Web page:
Two conservative talk radio programs in the U.S. used hate speech to demean foreign nationals and racial, ethnic and religious minorities, according to a preliminary report  by UCLA.

The two radio programs — "The Savage Nation," a national show, and "The John and Ken Show," a Los Angeles–based program – were chosen because conservative talk radio accounts for 91 percent of total weekday talk radio programming, according to UCLA Chicano Studies Research Center director Chon Noriega, a UCLA professor of cinema and media studies, and Francisco Javier Iribarren, the center's assistant director.

"Using this definition of hate speech, the study found 334 instances of hate speech in just 80 minutes of programming," Noriega said, according to a UCLA news release. "These statements were then separated into four different types of hate speech." The four types are characterized as dehumanizing metaphors, flawed argumentation, divisive language and false statements.

The dehumanizing metaphors evoked themes of warfare, heroism, biblical characters, criminality to name a few, while the flawed argumentation included ad hominem statements, guilt by association, and hidden assumptions or missing premises. The study also found that the hosts used false statements - such as simple falsehood, exaggerated statement or decontextualized facts - to validate their points and to promote public opinion.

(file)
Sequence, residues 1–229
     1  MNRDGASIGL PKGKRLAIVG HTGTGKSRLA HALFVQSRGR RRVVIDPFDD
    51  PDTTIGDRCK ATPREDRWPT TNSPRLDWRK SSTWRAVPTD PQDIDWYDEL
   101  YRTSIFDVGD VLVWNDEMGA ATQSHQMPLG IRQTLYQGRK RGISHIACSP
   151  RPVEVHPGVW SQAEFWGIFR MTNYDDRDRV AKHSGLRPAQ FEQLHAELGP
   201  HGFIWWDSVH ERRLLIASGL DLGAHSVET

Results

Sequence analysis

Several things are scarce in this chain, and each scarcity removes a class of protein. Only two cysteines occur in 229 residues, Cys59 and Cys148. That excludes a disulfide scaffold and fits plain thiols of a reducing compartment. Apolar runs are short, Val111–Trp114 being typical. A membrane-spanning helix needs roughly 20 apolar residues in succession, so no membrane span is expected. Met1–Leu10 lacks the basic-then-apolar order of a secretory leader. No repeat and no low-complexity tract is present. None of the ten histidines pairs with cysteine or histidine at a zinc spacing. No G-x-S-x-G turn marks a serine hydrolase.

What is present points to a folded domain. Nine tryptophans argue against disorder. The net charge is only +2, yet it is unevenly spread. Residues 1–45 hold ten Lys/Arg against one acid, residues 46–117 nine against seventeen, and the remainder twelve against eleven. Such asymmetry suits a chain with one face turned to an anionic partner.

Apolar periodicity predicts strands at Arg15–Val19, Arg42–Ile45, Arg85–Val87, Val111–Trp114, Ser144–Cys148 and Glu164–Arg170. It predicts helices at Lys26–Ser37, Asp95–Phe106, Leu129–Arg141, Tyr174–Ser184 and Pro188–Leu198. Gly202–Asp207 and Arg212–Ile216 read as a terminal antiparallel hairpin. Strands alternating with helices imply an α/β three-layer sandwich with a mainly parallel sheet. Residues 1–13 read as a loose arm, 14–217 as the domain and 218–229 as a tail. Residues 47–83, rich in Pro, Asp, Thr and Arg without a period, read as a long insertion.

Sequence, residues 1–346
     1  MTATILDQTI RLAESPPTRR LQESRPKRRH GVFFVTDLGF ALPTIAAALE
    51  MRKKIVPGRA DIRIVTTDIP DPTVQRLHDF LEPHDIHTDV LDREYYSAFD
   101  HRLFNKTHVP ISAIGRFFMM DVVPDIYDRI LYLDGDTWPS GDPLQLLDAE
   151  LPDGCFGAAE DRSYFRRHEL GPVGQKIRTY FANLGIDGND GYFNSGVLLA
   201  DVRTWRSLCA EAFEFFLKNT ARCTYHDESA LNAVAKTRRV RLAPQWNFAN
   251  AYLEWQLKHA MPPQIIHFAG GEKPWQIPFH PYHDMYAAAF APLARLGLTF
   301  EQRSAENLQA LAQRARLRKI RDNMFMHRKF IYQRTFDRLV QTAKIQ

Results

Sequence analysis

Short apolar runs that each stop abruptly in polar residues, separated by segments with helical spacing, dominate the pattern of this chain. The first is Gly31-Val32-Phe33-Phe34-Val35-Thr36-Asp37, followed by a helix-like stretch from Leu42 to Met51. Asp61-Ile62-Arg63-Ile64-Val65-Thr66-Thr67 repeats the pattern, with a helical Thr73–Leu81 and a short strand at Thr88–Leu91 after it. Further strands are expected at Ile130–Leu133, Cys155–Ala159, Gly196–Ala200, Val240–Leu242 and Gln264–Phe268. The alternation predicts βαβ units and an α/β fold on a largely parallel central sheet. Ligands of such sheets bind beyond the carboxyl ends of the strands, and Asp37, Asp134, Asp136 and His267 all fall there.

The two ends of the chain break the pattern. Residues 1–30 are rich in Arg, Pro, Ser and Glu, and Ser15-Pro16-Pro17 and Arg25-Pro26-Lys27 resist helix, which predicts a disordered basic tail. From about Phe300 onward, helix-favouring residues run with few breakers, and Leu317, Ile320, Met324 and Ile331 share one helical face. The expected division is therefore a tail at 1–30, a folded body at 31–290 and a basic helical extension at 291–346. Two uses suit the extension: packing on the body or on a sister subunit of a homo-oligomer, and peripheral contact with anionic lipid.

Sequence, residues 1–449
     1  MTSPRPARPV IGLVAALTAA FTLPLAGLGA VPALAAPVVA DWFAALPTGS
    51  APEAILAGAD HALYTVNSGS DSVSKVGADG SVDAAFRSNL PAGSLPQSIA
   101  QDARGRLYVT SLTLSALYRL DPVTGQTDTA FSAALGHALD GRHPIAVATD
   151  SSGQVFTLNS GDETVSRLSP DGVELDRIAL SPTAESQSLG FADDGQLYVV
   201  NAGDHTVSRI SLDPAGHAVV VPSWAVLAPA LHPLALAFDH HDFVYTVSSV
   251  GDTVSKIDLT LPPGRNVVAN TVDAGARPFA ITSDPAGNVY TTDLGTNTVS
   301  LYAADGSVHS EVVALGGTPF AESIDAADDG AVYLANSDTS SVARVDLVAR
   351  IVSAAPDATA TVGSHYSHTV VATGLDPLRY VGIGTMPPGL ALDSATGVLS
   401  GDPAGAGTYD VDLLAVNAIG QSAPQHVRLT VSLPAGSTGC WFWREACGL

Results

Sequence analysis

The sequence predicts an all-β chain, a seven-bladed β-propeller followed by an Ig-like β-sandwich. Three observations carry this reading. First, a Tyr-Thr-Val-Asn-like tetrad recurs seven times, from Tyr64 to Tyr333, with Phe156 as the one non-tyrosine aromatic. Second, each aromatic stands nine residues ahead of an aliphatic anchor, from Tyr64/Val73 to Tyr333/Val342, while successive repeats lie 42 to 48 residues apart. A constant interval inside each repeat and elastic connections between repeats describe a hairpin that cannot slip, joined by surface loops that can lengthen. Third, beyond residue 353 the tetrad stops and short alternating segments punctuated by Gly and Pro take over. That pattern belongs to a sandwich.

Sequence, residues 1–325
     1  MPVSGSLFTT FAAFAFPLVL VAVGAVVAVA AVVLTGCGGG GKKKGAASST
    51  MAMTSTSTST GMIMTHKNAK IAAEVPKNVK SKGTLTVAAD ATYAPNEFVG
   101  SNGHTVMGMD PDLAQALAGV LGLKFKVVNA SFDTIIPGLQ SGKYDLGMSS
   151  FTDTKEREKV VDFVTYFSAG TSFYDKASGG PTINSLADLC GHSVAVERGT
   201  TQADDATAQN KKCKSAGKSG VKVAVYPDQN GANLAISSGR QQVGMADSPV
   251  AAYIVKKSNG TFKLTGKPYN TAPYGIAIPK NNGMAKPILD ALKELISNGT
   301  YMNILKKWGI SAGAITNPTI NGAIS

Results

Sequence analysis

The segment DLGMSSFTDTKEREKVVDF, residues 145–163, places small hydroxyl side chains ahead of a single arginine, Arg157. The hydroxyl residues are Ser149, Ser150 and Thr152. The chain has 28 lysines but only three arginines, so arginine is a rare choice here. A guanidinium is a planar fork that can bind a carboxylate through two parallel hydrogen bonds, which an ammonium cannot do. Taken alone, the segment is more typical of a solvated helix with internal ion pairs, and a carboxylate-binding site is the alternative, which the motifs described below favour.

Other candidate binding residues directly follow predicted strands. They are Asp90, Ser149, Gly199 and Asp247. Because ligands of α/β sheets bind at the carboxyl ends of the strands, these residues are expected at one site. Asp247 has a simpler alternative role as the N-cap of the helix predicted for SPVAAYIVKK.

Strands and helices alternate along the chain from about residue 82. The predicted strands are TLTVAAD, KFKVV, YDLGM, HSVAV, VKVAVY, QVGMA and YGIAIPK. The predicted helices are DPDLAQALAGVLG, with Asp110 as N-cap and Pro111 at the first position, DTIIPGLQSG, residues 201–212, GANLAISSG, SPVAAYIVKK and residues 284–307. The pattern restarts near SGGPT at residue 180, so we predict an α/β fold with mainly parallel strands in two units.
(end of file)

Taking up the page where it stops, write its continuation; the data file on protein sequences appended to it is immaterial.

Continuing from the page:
One an example cited in the study comes from "The John and Ken Show" and concerns a statement about the city of San Francisco's "sanctuary policy" for undocumented immigrants: "And this all under the Gavin Newsom policy in San Francisco of letting underage illegal alien criminals loose," the press release states the show said. 

Gavin Newsom is the current lieutenant governor of California and former mayor of San Francisco. 

Researchers claim the statement used false facts as the sanctuary policy preceded Newsom's tenure as mayor and neither Newsom nor the sanctuary policy supports "letting underage illegal alien criminals loose."

Researchers also said that the show used divisive language by claiming that undocumented youth and their perceived supporters were depicted as a threat to San Francisco citizens, which sets up an "us versus them" opposition.

For the study, five UCLA undergraduate and graduate students examined transcripts of one 40-minute, uninterrupted segment from each of the two programs. 

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